Artículo en Inglés | MEDLINE | ID: mdl-34402078

RESUMEN

Tropical rainforests are characterized by a high diversity of plant species. Each plant species presents with differential phenological patterns in fruit production. In some species, all individual trees produce fruit simultaneously within clustered periods; whereas in others, each individual tree fruits at irregular time intervals. By observing this pattern, some primate species use the presence of fruits in one tree as a cue to find fruit in other trees of the same synchronously fruiting tree species. Here, we investigated whether the highly frugivorous Javan gibbons (Hylobates moloch) in Gunung Halimun-Salak National Park in Indonesia have knowledge of synchronous characteristics of fruiting trees and whether they can further distinguish fruit species with different synchrony levels, that is, tree species with highly synchronous fruiting patterns versus tree species with less synchronous fruiting patterns. Across 12 months we collected biweekly phenological data on 250 trees from 10 fruit species and observed Javan gibbons' visits to those species. We found that a fruit discovery in the beginning of fruiting seasons triggered gibbons to visit trees of the same fruit species. However, gibbons' visit rates did not differ between highly synchronous and asynchronous species. Our results suggest that Javan gibbons have knowledge of synchronous characteristics of fruiting trees in general, but they do not differentiate highly synchronous versus asynchronous fruit species. We speculate that Javan gibbons, who live in relatively small ranges with very low tree density of preferred fruit species, are likely able to track and remember fruiting states of individual trees without needing to distinguish fruit species with different synchrony levels. Moreover, gibbons may make little benefit of distinguishing highly synchronous versus asynchronous fruit species, probably due to gibbons' heavy use of asynchronous figs. Our study provides an insight into how gibbon's foraging strategies may have been shaped in response to their ecological environment.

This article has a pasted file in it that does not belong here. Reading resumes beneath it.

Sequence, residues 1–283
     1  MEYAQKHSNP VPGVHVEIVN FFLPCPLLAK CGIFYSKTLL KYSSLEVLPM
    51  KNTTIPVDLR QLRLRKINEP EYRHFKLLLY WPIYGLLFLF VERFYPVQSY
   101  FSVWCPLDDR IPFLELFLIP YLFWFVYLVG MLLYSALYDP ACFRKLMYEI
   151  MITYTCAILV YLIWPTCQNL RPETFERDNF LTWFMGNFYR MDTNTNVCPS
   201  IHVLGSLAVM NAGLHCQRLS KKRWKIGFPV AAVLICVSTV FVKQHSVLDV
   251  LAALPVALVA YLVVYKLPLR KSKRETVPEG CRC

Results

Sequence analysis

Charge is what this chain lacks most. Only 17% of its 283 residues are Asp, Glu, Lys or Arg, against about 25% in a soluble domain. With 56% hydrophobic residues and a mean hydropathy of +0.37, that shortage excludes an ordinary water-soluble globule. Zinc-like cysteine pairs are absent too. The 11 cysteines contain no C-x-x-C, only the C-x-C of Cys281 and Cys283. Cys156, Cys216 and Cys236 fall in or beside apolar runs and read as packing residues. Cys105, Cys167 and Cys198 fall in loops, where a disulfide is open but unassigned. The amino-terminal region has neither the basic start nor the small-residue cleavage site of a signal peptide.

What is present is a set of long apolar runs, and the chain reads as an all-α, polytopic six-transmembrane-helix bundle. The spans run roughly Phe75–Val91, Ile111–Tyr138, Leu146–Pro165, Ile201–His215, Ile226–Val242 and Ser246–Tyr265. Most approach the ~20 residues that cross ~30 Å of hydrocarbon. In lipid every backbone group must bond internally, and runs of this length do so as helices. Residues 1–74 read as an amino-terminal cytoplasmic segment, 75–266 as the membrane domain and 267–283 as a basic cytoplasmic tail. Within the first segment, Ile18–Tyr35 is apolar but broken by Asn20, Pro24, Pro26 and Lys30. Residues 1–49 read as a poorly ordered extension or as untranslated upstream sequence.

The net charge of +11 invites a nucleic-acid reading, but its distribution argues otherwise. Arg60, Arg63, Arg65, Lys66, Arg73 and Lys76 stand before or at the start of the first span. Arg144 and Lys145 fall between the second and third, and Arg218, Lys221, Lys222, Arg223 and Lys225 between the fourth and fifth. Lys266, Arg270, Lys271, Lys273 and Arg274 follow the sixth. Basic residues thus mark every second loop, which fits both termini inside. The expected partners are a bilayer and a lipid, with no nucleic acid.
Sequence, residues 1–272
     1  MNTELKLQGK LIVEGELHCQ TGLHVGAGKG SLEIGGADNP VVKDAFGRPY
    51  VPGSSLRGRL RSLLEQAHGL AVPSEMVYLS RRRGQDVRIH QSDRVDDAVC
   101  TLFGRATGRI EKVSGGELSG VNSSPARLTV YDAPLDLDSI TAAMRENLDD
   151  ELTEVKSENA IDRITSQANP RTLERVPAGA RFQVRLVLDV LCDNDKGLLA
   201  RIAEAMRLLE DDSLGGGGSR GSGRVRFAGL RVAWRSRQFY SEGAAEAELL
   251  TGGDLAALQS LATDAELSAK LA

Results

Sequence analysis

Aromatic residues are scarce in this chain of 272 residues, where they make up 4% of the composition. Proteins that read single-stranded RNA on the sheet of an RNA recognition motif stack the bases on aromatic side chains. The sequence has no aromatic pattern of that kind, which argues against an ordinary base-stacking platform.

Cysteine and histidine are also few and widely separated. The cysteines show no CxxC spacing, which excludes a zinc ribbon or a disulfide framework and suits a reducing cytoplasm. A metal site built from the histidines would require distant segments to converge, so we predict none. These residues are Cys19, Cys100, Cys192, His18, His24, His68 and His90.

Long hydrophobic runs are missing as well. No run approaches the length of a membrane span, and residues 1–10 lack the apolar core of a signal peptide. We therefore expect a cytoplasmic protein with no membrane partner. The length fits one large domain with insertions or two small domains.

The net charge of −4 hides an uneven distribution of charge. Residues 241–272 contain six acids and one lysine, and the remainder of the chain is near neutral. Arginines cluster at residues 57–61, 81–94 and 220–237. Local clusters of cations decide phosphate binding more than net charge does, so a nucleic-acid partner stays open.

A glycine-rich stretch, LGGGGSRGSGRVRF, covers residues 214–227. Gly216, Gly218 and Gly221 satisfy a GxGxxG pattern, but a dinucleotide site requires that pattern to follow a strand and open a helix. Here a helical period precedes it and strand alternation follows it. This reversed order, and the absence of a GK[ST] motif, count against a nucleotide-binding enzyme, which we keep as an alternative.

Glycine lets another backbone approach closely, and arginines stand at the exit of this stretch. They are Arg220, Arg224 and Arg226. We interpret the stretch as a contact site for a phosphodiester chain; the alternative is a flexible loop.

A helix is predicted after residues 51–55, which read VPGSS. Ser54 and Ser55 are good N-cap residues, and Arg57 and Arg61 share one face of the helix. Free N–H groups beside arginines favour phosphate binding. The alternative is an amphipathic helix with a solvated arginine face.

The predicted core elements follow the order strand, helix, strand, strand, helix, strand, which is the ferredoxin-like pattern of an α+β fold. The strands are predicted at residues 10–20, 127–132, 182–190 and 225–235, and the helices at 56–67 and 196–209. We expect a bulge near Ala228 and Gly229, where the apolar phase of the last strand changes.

Asunto(s)
Frutas , Hylobates , Animales , Conducta Alimentaria , Indonesia , Árboles
8.
iScience ; 24(4): 102343, 2021 Apr 23.
Artículo en Inglés | MEDLINE | ID: mdl-33997670

RESUMEN

Within comparative psychology, the evolution of animal cognition is typically studied either by comparing indirect measures of cognitive abilities (e.g., relative brain size) across many species or by conducting batteries of decision-making experiments among (typically) a few captive species. Here, we propose a third, complementary approach: inferring and comparing cognitive abilities through observational field records of natural information gradients and the associated variation in decision-making outcomes, using the ranging behavior of wild animals. To demonstrate the feasibility of our proposal, we present the results of a global survey assessing the availability of long-term ranging data sets from wild primates and the willingness of primatologists to share such data. We explore three ways in which such ranging data, with or without the associated behavioral and ecological data often collected by primatologists, might be used to infer and compare spatial cognition. Finally, we suggest how ecological complexity may be best incorporated into comparative analyses.